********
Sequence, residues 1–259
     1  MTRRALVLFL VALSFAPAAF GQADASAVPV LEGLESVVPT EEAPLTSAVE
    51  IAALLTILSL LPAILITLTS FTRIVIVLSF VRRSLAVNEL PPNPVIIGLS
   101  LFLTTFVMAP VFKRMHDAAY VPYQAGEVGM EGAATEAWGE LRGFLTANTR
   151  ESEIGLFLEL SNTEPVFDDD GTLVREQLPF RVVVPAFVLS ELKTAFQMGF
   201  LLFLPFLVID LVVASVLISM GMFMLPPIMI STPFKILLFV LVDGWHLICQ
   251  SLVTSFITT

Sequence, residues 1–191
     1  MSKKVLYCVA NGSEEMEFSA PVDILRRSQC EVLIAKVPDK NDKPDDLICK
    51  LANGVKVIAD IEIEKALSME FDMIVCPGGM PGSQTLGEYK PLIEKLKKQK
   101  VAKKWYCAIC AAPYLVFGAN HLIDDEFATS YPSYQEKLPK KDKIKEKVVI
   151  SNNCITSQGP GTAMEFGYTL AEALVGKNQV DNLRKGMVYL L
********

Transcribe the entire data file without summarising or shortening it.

Sequence, residues 1–259
     1  MTRRALVLFL VALSFAPAAF GQADASAVPV LEGLESVVPT EEAPLTSAVE
    51  IAALLTILSL LPAILITLTS FTRIVIVLSF VRRSLAVNEL PPNPVIIGLS
   101  LFLTTFVMAP VFKRMHDAAY VPYQAGEVGM EGAATEAWGE LRGFLTANTR
   151  ESEIGLFLEL SNTEPVFDDD GTLVREQLPF RVVVPAFVLS ELKTAFQMGF
   201  LLFLPFLVID LVVASVLISM GMFMLPPIMI STPFKILLFV LVDGWHLICQ
   251  SLVTSFITT

Sequence, residues 1–191
     1  MSKKVLYCVA NGSEEMEFSA PVDILRRSQC EVLIAKVPDK NDKPDDLICK
    51  LANGVKVIAD IEIEKALSME FDMIVCPGGM PGSQTLGEYK PLIEKLKKQK
   101  VAKKWYCAIC AAPYLVFGAN HLIDDEFATS YPSYQEKLPK KDKIKEKVVI
   151  SNNCITSQGP GTAMEFGYTL AEALVGKNQV DNLRKGMVYL L